How long do Great Danes live? On average, it’s said that the Great Dane lifespan is just 6.5 years – much shorter than most other dog breeds.
But it has been reported that a Great Dane can live as long as 11 to 13 years – certainly not average, but possible.
Now that we’ve given you the short answer, we’ll explore why Great Danes have shorter lifespans, and what pet owners can do to give their Great Danes the best possible chance of beating the average.
After all, you’d love your giant fur baby to be with you, and be happy and healthy, for as long as possible.
Why Do Great Danes Have Short Lives?
Some sources will tell you that Great Danes have shorter lifespans because they are more likely to get health issues at a younger age.
That’s only part of the bigger picture, however. Great Danes certainly aren’t especially weak or unhealthy when compared to other breeds. A more accurate answer is in order. Here it is.
As animals age, they become more prone to health problems – just like older people are more likely to have health issues than younger ones.
Bigger breed dogs age more rapidly than their smaller counterparts. The simple answer for why this happens is that bigger bodies take more of everything to keep going and with every part of their bodies working harder, they also wear out more quickly.
So, while a 7-year-old Maltese Poodle is still relatively young and resilient, a 7-year-old Great Dane is already an elderly dog.
With age and loss of resilience, various health issues arise. So, it’s not really a matter of Great Danes being weak or unhealthy – they just age a lot faster than other dogs.
Having said this, we can’t overlook that Great Danes, especially older ones, are prone to specific health conditions. Most of them die from a relatively narrow range of illnesses.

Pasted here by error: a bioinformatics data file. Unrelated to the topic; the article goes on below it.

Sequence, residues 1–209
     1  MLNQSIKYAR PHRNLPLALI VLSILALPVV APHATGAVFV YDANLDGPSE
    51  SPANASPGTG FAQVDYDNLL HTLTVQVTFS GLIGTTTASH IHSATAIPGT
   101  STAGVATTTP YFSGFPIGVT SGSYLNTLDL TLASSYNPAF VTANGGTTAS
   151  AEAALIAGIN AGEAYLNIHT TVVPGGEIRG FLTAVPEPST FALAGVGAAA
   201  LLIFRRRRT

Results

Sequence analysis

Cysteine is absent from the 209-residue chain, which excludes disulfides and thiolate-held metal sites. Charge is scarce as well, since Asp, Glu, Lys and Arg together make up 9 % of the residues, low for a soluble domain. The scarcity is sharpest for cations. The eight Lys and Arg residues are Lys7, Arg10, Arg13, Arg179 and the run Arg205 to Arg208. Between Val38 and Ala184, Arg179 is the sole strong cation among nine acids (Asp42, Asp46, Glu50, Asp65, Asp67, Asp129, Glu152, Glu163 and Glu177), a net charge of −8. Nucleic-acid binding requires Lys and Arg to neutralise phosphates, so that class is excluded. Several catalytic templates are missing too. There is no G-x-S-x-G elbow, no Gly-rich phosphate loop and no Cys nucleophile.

This can be to your advantage, since knowing your dog’s enemies may be able to help you to keep them healthier for longer.
What Are The Leading Causes Of Death Among Great Danes?
Unless one classifies bone cancer (osteosarcoma) in a category of its own, cancer is the leading cause of death in Great Danes – but only by a small margin. Sadly, heart disease is only a few percentage points behind.
Although it’s hard to pin down the figures precisely, it’s fairly safe to say that cancer and heart disease account for over 60 percent of Great Dane deaths.
Gastric torsion, a nasty situation in which the stomach twists out of place, accounts for a further 24 percent or so, and musculoskeletal issues (usually arthritis) are a reason why Great Danes are euthanized about 9 percent of the time.
So, is this a result of some weakness in Great Dane genetics? Not really. Cancer and gastric torsion are leading causes of death among older dogs of almost any breed.
Heart issues, and arthritis that gets so bad that a dog shouldn’t have to live with it, are less common causes of mortality.
But only if we look at averages across all dogs. If we adjust for size, you’ll find that many large breed dogs have similar issues as they age.
Great Dane Lifespan: How To Help Your Dog Live Longer
It’s much harder to measure things that don’t happen than things that do, so we can only offer you sensible advice that might help you add a few years to Great Dane’s life.
While being aware of things you can do to improve your dog’s chances of a relatively long life, don’t be overprotective.
You might just end up driving yourself and your Great Dane crazy! Keep it simple and stick to a few basic principles.
Let’s examine some broad tips for overall health before looking at ways to avert specific health issues. The “overall health” tips may apply , but we’ll take that as read.
Factors Affecting The Overall Health
Genetics do matter. Choosing a Great Dane from a healthy breeding line could reduce their chances of developing certain health problems.
Ethical breeders don’t just breed dogs for specific physical attributes – they also breed for health.
The top tip for finding an ethical breeder is to visit them and their dogs. They should be treating their dogs like family pets rather than “breeders” and they should be passionate about their dogs and dog breeding.
That means they’ll be happy to answer your questions about their breeding philosophy, and health should be a high priority for them.
By this, we mean choosing a good quality, life-stage-appropriate feeding program for puppies, adults, and senior dogs.